Have any suggestions for the 3 Count? Let me know via Twitter @plagiarismtoday.
First off today, Juliette Garside at The Guardian reports that UK ISPs, including BT, Virgin Media, BSkyB and TalkTalk are being approached by representatives from the music and film industries in a bid to create a voluntary code that would involve their customers receiving letters when their account is used to download infringing material.
The move comes as the Digital Economy Act, an attempt to set up a formal “three strikes” regime under the law, has been pushed back. Despite being passed in 2010, the law will not come into force until at least 2014, possibly later.
Under the voluntary system, which has been under negotiations for at least a few months, repeat offenders could have their bandwidth throttled or even have their connection disabled for a period of time.
Next up today, Larry Rohter at The New York Times reports that Barrett Strong is suing to have his name reaffixed to the popular Motown song “Money (That’s What I Want)”, which he says he contributed to writing but was unfairly removed from.
Strong was listed on the first copyright registration for the song but had his name removed three years after it was written. It was put back on in 1987 after the song was renewed but a year later his name was removed, literally scratched out.
Documents filed show that both removals were at the directions of executives that dispute Strong’s claim. They argue that the original registration was a clerical error and that Strong has long since missed his opportunity to assert his claim. Strong, however, contends he was unaware that he had been removed and that he only learned of the alterations in 2010. However, under Copyright Office rules, Strong only had 3 years to contest his removal even though he was never notified of the change.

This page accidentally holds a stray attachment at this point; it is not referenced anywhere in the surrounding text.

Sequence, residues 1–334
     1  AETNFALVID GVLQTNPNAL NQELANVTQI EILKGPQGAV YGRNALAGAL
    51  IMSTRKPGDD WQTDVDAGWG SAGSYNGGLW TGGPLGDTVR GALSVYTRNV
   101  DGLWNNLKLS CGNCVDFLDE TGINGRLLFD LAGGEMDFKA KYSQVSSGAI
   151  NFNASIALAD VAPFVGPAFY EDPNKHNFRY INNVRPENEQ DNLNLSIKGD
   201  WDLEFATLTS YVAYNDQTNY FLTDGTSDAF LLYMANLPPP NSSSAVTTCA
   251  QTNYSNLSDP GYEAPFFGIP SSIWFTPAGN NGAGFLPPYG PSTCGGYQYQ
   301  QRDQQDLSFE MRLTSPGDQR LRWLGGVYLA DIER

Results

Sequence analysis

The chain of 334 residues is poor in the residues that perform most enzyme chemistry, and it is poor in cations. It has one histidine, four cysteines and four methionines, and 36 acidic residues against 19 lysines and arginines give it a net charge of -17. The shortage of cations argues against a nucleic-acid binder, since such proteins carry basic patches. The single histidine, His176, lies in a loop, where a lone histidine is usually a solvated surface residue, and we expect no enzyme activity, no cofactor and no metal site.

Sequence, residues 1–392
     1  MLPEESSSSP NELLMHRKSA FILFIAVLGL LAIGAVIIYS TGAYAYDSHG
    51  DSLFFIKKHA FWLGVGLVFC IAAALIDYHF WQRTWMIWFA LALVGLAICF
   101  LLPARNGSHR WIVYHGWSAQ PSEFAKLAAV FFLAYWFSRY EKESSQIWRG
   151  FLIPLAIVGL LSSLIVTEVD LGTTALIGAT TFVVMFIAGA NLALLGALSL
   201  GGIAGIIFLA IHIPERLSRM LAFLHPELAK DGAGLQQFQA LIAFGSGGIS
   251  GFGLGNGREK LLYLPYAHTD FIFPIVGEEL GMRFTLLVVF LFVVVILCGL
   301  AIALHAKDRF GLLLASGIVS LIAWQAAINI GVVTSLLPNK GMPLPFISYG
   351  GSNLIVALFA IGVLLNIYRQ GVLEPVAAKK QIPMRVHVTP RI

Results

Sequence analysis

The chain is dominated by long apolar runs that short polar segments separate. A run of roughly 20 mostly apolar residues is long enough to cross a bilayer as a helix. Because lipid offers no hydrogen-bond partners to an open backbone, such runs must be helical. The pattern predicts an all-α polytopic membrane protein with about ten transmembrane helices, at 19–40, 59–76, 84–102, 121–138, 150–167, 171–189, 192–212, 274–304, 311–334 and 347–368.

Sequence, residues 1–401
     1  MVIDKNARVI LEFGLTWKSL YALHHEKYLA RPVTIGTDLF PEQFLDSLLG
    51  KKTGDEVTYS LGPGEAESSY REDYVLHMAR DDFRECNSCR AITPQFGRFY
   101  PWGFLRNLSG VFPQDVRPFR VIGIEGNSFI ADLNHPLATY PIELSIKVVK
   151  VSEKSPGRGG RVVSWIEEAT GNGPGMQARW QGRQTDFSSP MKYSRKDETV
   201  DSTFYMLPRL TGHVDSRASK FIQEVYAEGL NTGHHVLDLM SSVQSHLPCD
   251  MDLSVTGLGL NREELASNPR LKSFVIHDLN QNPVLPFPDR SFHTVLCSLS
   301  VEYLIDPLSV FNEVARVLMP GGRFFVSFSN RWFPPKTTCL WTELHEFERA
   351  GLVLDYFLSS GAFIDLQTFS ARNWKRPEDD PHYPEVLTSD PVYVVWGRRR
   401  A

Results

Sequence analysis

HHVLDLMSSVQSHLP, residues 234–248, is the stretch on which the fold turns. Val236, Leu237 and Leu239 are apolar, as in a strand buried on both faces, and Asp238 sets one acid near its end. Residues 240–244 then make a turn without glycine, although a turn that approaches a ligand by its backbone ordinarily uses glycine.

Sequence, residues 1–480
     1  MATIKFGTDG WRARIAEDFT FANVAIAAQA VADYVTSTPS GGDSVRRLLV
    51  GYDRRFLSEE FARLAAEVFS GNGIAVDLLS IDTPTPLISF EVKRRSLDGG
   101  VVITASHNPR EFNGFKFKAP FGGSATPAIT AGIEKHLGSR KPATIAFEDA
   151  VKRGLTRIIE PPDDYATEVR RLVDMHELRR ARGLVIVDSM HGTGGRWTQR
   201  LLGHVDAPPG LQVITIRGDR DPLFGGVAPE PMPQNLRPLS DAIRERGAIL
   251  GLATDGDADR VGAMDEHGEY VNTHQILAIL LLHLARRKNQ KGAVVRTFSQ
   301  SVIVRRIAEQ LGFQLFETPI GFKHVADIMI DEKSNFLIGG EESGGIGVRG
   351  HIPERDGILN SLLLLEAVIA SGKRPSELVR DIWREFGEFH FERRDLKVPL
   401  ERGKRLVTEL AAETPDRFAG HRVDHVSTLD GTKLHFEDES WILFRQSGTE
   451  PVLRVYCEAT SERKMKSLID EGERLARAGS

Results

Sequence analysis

Finally today, Bloomberg Law reports that website owner Greg Thatcher is getting some free help from Martin and Associates, a Vermont-based law firm, in his dispute with the American Bankers Association (ABA), an organization that is claiming copyright to the routing numbers, which banks use on checks and other transfers to numerical identify the institution involved.
The ABA had threatened Thatcher, who posted a list of banks and their routing numbers on his site, with legal action if he did not remove them. Thatcher complied but sought legal help and attorney Andrew B Delaney sent a response on his behalf, offering to represent Thatcher pro bono (for free) and mocking the legal arguments of the ABA.
In the two-page reply, Delaney argued that routing numbers were like phone numbers and not subject to copyright protection. He told the ABA the wisest course of action would be to leave Thatcher alone. Thatcher has said on his site that he is hoping to restore the routing numbers shortly.
That’s it for the three count today. We will be back tomorrow with three more copyright links. If you have a link that you want to suggest a link for the column or have any proposals to make it better. Feel free to leave a comment or send me an email. I hope to hear from you.
Want the Full Story?
Tune in every Wednesday evening at 5 PM ET for the live recording of the Copyright 2.0 Show or wait and get the edited version Friday right here on Plagiarism Today.